Supes Vote to Keep Central Fwy. on Track
By Carol Dimmick
The SF Board of Supervisors voted to keep the Central Freeway replacement project on track at its March 30 meeting.
A resolution that would have halted the rebuilding of the Central Freeway was voted out of the supervisor's Land Use Committee March 23 and went to the Board of Supervisors for a vote. Only supervisors Bevan Dufty, Tom Ammiano and Matt Gonzalez voted to scrap the plan when it came up for a full vote at the board.
The resolution, which passed out of committee by a 2-1 vote without a recommendation, asked Gov. Arnold Schwarzenegger to freeze millions of dollars in state funds earmarked for rebuilding the freeway so the City could explore the feasibility of moving the off-ramps back to Bryant Street.
"My hope was to give state representatives a chance to explore alternatives with Caltrans," said Dufty, who sponsored the resolution.
Dufty's resolution came under fire from Richmond District Supervisor Jake McGoldrick, who said it is risky to hand millions of dollars back to the Schwarzenegger when the state is facing a massive budget crisis.
McGoldrick also reminded his colleagues that it might not be wise to ignore the voters who approved the project four years ago.
After the Loma Prieta Earthquake critically damaged the freeway's structure in 1989, it took three ballot measures before voters approved Proposition I in 1999 and work could begin to rebuild the freeway.
"We (the supervisors) are not superior to the majority rule. The voters have spoken at the ballot box and we would be overturning the will of the voters," McGoldrick warned.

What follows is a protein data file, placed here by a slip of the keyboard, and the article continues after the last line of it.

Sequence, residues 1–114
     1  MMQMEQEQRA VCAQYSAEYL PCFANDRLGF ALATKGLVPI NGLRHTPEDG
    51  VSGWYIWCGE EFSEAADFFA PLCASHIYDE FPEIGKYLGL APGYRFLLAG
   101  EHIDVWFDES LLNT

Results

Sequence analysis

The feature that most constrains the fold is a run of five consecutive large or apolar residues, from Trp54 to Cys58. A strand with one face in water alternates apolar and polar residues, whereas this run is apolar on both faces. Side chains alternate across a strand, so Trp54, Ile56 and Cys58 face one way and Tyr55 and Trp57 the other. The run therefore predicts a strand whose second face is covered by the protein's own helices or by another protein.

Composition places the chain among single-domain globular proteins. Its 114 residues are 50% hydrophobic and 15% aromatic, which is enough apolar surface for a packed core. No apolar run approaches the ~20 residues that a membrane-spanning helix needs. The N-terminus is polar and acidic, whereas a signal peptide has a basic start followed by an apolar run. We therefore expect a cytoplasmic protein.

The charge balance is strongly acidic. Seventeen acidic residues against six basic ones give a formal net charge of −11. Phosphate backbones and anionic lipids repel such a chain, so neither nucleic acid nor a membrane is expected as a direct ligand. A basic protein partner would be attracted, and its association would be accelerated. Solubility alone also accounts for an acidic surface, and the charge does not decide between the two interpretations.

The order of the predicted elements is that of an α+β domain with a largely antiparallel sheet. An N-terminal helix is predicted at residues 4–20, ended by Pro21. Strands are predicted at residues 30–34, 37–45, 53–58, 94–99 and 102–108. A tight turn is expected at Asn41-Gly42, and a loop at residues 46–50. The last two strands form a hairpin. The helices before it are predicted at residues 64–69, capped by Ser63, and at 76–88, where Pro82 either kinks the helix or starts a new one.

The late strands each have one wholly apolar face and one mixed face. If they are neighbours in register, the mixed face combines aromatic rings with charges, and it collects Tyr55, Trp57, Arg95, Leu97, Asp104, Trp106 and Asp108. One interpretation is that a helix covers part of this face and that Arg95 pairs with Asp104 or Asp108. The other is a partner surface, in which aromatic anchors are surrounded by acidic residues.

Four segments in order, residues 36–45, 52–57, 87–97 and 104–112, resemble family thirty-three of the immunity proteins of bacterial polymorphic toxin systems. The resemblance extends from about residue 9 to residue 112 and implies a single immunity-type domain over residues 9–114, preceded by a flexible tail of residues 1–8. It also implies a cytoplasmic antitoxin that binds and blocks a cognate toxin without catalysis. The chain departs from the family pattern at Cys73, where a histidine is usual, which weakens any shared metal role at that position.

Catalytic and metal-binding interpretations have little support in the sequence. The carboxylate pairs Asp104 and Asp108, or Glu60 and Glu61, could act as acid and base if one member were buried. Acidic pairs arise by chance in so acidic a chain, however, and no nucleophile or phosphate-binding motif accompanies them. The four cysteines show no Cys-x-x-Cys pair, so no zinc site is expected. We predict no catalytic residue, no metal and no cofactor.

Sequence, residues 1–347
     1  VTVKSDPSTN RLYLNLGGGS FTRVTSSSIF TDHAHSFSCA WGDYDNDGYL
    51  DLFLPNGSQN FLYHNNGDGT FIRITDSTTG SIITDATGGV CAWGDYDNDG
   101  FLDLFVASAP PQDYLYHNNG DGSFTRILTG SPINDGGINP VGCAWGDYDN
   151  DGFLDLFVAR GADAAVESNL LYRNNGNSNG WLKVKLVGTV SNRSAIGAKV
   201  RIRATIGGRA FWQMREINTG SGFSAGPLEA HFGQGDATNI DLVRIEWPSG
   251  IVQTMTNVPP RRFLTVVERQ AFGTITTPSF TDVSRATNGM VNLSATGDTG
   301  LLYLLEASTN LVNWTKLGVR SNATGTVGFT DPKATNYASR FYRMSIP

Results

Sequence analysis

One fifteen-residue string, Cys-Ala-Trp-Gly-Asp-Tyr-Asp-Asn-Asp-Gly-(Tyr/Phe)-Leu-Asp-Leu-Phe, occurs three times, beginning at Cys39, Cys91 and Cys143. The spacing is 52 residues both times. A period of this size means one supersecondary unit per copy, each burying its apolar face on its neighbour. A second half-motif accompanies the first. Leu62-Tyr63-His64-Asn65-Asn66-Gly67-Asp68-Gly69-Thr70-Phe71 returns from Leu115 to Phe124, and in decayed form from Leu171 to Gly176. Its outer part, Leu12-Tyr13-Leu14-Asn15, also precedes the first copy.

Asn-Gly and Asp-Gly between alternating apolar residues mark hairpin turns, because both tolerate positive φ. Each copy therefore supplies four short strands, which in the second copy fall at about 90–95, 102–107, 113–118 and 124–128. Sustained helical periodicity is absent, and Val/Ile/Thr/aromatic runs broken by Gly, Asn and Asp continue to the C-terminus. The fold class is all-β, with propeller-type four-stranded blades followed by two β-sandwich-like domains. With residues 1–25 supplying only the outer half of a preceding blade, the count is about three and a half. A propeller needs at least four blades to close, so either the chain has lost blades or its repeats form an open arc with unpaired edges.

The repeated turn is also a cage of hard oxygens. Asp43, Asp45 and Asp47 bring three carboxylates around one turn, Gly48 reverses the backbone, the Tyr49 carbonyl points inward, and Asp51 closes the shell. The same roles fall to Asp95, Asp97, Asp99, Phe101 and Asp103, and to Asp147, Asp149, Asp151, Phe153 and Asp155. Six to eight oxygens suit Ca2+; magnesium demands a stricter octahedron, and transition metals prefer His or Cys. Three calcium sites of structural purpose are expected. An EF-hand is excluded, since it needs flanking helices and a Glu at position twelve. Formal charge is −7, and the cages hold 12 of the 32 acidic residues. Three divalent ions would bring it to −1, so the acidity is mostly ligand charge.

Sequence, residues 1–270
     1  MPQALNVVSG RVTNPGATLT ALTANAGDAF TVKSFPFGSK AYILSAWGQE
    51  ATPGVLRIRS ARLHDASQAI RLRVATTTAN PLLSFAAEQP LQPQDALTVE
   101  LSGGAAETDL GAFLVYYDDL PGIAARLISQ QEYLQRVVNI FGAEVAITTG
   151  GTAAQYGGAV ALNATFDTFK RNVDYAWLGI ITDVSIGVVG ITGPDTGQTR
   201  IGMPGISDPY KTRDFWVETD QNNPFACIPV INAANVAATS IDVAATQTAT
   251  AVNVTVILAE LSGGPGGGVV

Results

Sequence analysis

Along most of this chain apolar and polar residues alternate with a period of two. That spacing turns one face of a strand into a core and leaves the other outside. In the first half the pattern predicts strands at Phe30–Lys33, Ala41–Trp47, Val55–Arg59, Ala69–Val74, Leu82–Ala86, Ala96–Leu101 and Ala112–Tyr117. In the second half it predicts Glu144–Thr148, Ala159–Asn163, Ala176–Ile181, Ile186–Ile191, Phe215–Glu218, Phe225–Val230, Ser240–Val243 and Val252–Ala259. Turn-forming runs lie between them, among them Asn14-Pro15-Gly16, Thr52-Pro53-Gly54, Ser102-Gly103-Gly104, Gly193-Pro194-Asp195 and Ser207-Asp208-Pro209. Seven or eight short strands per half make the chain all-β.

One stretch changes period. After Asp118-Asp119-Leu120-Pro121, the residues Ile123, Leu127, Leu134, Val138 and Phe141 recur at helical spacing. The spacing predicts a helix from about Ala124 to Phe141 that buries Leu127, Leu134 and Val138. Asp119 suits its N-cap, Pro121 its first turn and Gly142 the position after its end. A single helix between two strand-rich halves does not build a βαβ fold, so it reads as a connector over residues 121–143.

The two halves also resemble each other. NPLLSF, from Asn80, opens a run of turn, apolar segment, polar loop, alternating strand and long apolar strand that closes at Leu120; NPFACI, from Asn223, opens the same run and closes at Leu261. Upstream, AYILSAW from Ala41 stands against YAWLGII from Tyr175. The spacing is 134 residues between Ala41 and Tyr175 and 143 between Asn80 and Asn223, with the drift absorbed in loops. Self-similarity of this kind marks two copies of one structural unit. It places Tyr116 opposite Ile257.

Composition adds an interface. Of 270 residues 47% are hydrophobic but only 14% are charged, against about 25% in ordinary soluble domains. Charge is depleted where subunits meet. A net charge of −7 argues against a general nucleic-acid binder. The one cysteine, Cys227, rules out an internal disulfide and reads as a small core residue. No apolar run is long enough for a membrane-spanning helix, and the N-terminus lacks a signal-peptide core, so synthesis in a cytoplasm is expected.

The plan currently under construction calls for the freeway to be rebuilt from the I-80/Highway 101 juncture to Mission Street with off-ramps that touch down where Octavia Street crosses Market Street. Work to construct the off-ramp is currently underway and the project is scheduled for completion in mid-2005.
The idea to move the off-ramps back to Bryant Street gained steam after the freeway structure came down and neighbors enjoyed the sunshine and air. Residents who live in the vicinity say they wanted the freeway out of their neighborhood before it reversed the progress that had been made.
"This had been a no man's land for over 40 years because our neighborhood has been dominated by a freeway," said one resident who lives on Stevenson Street.
However, a report released in December by the San Francisco Transportation Authority (SFTA) that studied the implications of moving the freeway back to Bryant Street concluded it would cause massive traffic challenges, delay the project by as much as six years, double its cost, and trigger legal and regulatory issues.
According to the 15-page report entitled "Strategic Analysis Report on the Implications of Relocating the Central Freeway Touchdown Ramps," which was requested by Supervisor Bevan Dufty, the financial implications alone were significant.
The report estimated that what is now expected to be a $90 million project could have ended up costing as much as $193 million if the project was redesigned at this late stage.
Included in $193 million estimate were costs for salaries for parking control officers, additional costs for planning, design, a new environmental review process, demolition, a temporary ramp and construction of a new local street network interface.
Other potential challenges cited in the report included legal complications that could have arisen from the sale of some of the 23 parcels of land transferred to the City from Caltrans for the right-of-way for the Octavia Boulevard plan and the potential loss of millions of dollars in state funds earmarked for the project.